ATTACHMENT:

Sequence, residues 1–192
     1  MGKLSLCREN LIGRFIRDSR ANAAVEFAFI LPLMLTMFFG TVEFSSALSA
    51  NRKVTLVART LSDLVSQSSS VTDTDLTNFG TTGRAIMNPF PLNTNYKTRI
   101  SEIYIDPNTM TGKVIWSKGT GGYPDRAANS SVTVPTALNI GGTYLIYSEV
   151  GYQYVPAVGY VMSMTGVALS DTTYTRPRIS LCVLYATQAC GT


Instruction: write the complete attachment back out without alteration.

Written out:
Sequence, residues 1–192
     1  MGKLSLCREN LIGRFIRDSR ANAAVEFAFI LPLMLTMFFG TVEFSSALSA
    51  NRKVTLVART LSDLVSQSSS VTDTDLTNFG TTGRAIMNPF PLNTNYKTRI
   101  SEIYIDPNTM TGKVIWSKGT GGYPDRAANS SVTVPTALNI GGTYLIYSEV
   151  GYQYVPAVGY VMSMTGVALS DTTYTRPRIS LCVLYATQAC GT